SWAGAA addresses Gender Based Violence and sexual abuse through 3 areas: Prevention, Care and Support and Access to Justice.
Clubs such as school-based Girls Empowerment and Boys for Change foster a culture of equality and equity. Club members participate in guided discussions, songs and games. Club mentors teach about GBV, children's rights, reproductive health and HIV/AIDS and sexual abuse. They also cultivate leadership skills and confidence.
The first training workshop for young men (aged 18-30) to become mentors through the Boys for Change program began in February 2018. This was to promote the role of men and boys in achieving gender equality and ending gender-based violence. SWAGAA is working on an integrated approach to prevention and response to GBV in 9 Tinkhundla (municipalities) throughout Eswatini.
The focus of counselling is on the physical and emotional needs of survivors to help them better manage and overcome the impacts of violence. The Child Counselling Unit employs one Case Manager who is trained in child counselling. Travelling to remote communities and finding safe and private spaces to provide care and support services for abused children can be a challenge.
SWAGAA also supports children who interact with the criminal justice system and participate in trials, working with legal practitioners and magistrates to sensitize them on how to interact with children during court proceedings.
Swaziland Positive Living (SWAPOL) was co-founded and directed by Siphiwe Hlophe and four other HIV-positive women in 2004 as a mutual support group to deal with the stigma and discrimination they were facing. It now has 5,700 members in 45 communities, and a mobile clinic. We all know Siphiwe from the book “The Power of Love. “ In 1999 she was working as a manager in a hotel chain when she won a scholarship to study agricultural economics at Bradford University. A condition of the scholarship was that she took an HIV test, the result of which showed her to be HIV-positive, after which her husband left her, and she lost her scholarship. This showed the stigma that is attached to HIV in Swaziland, and spurred Siphiwe on to co-found SWAPOL to help others in similar situations.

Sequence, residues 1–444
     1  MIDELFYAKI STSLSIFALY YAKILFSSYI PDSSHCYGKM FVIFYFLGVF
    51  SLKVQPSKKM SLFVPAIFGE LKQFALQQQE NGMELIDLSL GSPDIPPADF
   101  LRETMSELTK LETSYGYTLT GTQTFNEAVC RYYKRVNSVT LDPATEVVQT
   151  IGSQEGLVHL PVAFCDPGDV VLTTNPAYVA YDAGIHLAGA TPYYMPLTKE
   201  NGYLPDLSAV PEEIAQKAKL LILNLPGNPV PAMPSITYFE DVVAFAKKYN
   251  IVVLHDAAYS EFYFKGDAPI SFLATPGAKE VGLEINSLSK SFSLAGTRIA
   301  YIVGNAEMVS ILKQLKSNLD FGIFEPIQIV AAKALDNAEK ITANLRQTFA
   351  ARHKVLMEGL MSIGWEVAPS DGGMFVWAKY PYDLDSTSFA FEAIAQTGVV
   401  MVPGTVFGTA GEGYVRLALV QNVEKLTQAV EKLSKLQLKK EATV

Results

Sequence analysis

· to provide training and education in HIV/AIDS to rural communities
· to promote positive living and good nutrition to rural communities
· to provide services of counselling to the grieving families
· to establish income generating projects in rural communities
· to take care of the terminally ill patients in rural communities
· to take care of the orphans and vulnerable children.
Siphiwe in action
Siphewe Hlophe loves Stephen Lewis because one day he told the king of Swaziland that she was more important than he was. "What kind of man is this?" she asked! When Stephen Lewis, acting as special envoy to the secretary-general of the United Nations, visited her and her people in Swaziland, the prime minister of that country had called Lewis, asking him to abandon his plans and come to the palace immediately because the King had requested to meet him. Hlophe heard Lewis ask: "Is the King leaving the country? No, then tell him to wait, I'm coming," Hlophe cries out, still laughing at the indiscretion. "You know, I love that man” (Lewis).
“When Stephen said we'll continue to meet with the women with the ideas, I was so excited," said Hlophe. So, they went off to see the agricultural projects that SWAPOL has created.
"He turned to me and said, 'I am going to Ghana tomorrow, but I am so touched I have for you a cheque for 30,000 American dollars.' I was running up and down, I was so excited," she laughs. Up to that point, her operation was running out of the back seat of her car. Now it had an office and a computer and plans for expansion.
Today SWAPOL helps develop projects like medical care, sourcing nutritious food and developing community safety. They find medical aid for those who are sick and they look after the orphans who are left behind. They have expanded to incorporate projects like community gardens and creating small businesses.
“Our grannies have changed so much. When we first started to work with them it was because they were the ones in our communities that were the most desperate and needed the most help. For those who have been in groups all these years, they are now the people we work with who are the most advanced, who have the most to offer their communities.” says Cecile Dlamini, program co-ordinator, SWAPOL.